Besides boots, crampons, ice axes and a backpack there’s a few more pieces of gear an ice climber needs - ice screws, belay devices, slings, quick draws, and and and. In this article I highlight some of the assorted ice climbing gear which I have used during this years ice climbing exploits.
Black Diamond Express Ice Screws
The Gold Standard in ice screws, the Black Diamond Express have the best price/ quality ratio and perform superbly on the ice. Easy to screw into the ice with one hand thanks to the crank and with to two carabiner holes to clip in, the Express ice screw helps you to secure yourself quickly when the going gets tough. Petzl will bring out a similar design next winter which performs very well, and Grivel’s 360 ice screws too is great. However, at the moment Black Diamond makes the lightest screws and they’re very well priced, thus these excellent ice screws shouldn’t be missing on any ice climbers rack.
Slings are an important piece of gear when climbing ice whenever you don’t toprope. A 120 cm sling is essential to build a belay station together with two ice screws, and a daisychain or another 120 cm sling are needed to secure yourself at a belay station. They also can be very useful when setting screws and taking care that the rope isn’t making a wide curve (Imagine it a bit like this sign < where the three points are ice screws and the line is the rope. With a sling and two ‘biners in the middle point you can make the rope run in a more straight line). Also when rappeling down slings come in handy, and they of course also can be used in rock climbing. A piece of gear that definitely needs to come along.
When you’re leading a climb you’ll need quick draws (Read Tomás superb article on Ultralight Quick Draws). As so often, lighter quick draws means you either can take more or then safe a substantial amount of weight for the same performance. Some clip in easier and are better handled with gloves, so keep that in mind when building your rack.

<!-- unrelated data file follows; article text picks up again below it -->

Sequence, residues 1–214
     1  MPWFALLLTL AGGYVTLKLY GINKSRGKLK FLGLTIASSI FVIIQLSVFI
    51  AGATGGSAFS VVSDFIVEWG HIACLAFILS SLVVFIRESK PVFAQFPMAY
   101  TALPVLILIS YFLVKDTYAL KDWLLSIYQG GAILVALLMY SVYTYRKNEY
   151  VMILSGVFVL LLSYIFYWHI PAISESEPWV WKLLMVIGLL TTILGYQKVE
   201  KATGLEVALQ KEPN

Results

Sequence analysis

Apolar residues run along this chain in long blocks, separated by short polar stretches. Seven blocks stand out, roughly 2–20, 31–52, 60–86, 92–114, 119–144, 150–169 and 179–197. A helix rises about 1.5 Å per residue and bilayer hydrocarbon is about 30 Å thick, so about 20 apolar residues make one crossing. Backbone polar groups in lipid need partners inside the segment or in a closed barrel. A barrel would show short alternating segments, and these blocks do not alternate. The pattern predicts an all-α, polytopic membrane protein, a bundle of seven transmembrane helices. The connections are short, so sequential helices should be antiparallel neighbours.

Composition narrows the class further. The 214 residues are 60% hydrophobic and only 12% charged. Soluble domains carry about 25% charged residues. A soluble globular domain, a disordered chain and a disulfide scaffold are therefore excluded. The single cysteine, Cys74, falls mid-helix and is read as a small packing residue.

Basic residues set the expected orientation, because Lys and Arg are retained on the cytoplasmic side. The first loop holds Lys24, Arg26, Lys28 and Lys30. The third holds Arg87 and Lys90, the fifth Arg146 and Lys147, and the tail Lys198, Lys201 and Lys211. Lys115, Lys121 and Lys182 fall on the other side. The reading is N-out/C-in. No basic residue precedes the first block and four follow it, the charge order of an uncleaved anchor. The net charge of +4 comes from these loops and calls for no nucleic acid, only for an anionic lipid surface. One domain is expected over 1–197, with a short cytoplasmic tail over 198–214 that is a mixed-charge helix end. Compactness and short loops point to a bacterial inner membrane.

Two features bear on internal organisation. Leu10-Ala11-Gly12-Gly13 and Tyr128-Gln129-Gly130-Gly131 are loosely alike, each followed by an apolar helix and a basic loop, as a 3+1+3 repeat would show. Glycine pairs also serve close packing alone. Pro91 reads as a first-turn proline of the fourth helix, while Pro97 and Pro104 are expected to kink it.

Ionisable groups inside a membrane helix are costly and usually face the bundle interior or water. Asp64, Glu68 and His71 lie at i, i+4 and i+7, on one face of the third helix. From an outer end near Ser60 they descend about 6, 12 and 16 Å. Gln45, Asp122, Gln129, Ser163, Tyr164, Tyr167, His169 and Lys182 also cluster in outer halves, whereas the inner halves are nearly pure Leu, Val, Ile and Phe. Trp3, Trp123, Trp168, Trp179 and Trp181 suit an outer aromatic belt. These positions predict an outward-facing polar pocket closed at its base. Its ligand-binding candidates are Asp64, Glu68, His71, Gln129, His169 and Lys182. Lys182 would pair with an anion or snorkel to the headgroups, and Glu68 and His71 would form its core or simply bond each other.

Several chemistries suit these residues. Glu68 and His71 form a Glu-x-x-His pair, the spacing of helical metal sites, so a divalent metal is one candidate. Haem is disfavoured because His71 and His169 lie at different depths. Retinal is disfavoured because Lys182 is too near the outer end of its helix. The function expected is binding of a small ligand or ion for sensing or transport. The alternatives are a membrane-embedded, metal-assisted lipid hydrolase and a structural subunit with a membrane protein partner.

I thought I’d be set with my two DMM Phantom locking ‘biners, though I was wrong. And so I bought a few more locking carabiners, in slightly bigger sizes, because they’re easier to operate with gloves on. If you’re not toproping then a about five locking carabiners are good to have along: Three to set up a belay, one to clip yourself in with a sling, and one if you’re belaying someone else. A spare or two in these situations can’t hurt, either.
As for non-locking carabiners, I have been using the DMM Phantom gate ‘biner and still think they’re superb. The gate opens easy, they’re light yet strong - a great biner to have along to rack gear.
CAMP Speed helmet
I used the CAMP Speed helmet during all climbing, and really like the comfort of this helmet - light and protective, easy to adjust the size when I wear a beanie or not, not to hot nor too cold. I can wear shades or my googles underneath them, a Headlamp like the Petzl Nao fits easily on it, and it also fits under all my jacket’s hoods. However, with the new Black Diamond Vapor and Petzl Siricco helmets available, the Speed is no longer the lightest option, something too keep in mind when you’re buying a helmet (I used the Petzl Siricco and really like it, especially the magnetic closure that’s easy to operate with one hand is very good).
POC Iris 3P Googles